U.S. Department of State
Other State Department Archive SitesU.S. Department of State
U.S. Department of State
U.S. Department of State
U.S. Department of State
U.S. Department of State
The State Department web site below is a permanent electronic archive of information released online from January 1, 1997 to January 20, 2001. Please see www.state.gov for current material from the Department of State. Or visit http://2001-2009.state.gov for information from that period. Archive sites are not updated, so external links may no longer function. Contact us with any questions about finding information. NOTE: External links to other Internet sites should not be construed as an endorsement of the views contained therein.
U.S. Department of State

greatseal U.S. Refugee Admissions Program
Eligibility for Refugee Processing Priorities FY 2000

Fact Sheet released by the Bureau of Population, Refugees, and Migration
U.S. Department of State, January 18, 2000

bluebar

P-1 Processing: All Nationalities Are Eligible

NATIONALITIES

P-2(1)

P-3

P-4

Angolans  

X

 
Bosnians(2)

X

X

X

Burmese

X

   
Burundians  

X

 
Cameroonians  

X

 
Chadians  

X

 
Congolese (Brazzaville)  

X

 
Congolese (DROC)  

X

 
Cubans

X

   
Djiboutians  

X

 
Eritreans  

X

 
Ethiopians  

X

 
Former Soviet Union

X

   
Guinea Bissauans  

X

 
Iranians

X

X

 
Iraqis  

X

 
Liberians(4)  

X

 
Nigerians(5)

X

X

 
Rwandans  

X

 
Sierra Leoneans  

X

 
Somalis  

X

 
Sudanese  

X

 
Togolese  

X

 
Ugandans   

X

 
Vietnamese(6)

X

   
bluebar

PRIORITY ONE:

UNHCR or U.S. embassy identified cases: persons facing compelling security concerns in countries of first asylum; persons in need of legal protection because of the danger of refoulement; those in danger due to threats of armed attack in an area where they are located; persons who have experienced recent persecution because of their political, religious, or human rights activities -- prisoners of conscience;-- women-at-risk; victims of torture or violence; physically or mentally disabled persons; persons in urgent need of medical treatment not available in the first asylum country; and persons for whom other durable solutions are not feasible and whose status in the place of asylum does not present a satisfactory long-term solution. As with all other priorities, Priority One referrals must still establish a creditable fear of persecution or history of persecution in the country from which they fled.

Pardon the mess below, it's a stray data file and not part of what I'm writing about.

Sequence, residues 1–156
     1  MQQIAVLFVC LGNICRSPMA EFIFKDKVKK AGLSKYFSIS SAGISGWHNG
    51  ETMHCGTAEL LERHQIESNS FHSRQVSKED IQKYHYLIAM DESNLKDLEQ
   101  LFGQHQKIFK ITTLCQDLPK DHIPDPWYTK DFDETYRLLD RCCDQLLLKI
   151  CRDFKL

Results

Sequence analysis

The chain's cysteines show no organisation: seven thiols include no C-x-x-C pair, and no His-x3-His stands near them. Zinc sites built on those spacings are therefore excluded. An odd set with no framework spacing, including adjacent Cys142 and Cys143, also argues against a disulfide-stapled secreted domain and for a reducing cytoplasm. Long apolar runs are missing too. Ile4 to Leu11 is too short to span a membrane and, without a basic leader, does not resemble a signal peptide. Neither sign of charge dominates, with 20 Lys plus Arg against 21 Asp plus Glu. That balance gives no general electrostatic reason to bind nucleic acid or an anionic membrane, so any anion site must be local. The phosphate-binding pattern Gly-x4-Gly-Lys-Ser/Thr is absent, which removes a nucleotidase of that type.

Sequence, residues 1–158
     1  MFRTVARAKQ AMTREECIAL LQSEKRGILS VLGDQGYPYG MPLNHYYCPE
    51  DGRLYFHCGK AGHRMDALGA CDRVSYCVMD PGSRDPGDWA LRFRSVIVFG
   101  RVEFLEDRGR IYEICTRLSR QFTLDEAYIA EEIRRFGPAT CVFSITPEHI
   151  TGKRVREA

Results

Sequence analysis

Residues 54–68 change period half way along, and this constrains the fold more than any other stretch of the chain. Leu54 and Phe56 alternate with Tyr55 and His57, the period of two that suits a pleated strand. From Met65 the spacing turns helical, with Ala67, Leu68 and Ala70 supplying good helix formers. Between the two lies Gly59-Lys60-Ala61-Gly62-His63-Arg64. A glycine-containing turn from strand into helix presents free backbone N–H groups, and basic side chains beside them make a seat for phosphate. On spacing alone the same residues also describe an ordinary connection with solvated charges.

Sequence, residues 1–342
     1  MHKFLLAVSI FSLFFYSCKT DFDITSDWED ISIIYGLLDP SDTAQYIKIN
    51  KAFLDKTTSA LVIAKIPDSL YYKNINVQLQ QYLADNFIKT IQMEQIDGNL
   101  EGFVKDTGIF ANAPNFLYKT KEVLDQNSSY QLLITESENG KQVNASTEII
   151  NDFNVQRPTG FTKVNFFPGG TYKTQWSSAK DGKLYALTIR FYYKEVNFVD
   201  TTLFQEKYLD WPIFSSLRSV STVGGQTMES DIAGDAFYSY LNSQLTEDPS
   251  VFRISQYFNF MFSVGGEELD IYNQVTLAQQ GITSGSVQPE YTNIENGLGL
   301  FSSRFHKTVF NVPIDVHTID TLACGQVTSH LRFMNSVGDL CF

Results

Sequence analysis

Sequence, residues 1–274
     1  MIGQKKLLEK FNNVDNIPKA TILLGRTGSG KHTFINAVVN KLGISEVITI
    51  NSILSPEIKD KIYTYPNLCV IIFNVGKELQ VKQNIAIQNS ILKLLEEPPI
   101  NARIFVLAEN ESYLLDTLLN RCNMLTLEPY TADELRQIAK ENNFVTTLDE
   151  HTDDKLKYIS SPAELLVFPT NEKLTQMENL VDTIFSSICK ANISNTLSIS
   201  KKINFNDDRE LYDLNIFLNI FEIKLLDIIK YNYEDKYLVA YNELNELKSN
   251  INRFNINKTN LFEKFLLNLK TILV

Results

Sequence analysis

PRIORITY TWO: Groups of Special Concern

Africa: Specific groups -- within certain nationalities -- as identified by the Department of State in consultation with NGOs, UNHCR, INS, and other area experts. Only those members of the specifically identified groups are eligible for processing. Each group will be selected based on its individual circumstances.

Bosnia: Former detainees who were held on account of ethnicity or political/religious opinion; persons of any ethnic background in mixed marriages; victims of torture or systematic and significant acts of violence against members of targeted ethnic groups by governmental authorities or quasi-governmental authorities in areas under their control; surviving spouses of civilians who would have been eligible under these criteria if they had not died in detention or been killed as a result of torture or violence. Effective as of January 1, 1997.

Burma: Certain members of ethnic minorities who have actively and persistently worked for political autonomy; certain political activists engaged in the pro-democracy movement.

Cuba: In-country. Emphasis given to former political prisoners, members of persecuted religious minorities, human rights activists, forced-labor conscripts, persons deprived of their professional credentials or subjected to other disproportionately harsh or discriminatory treatment resulting from their perceived or actual political or religious beliefs or activities, dissidents, and other refugees of compelling concern to the United States.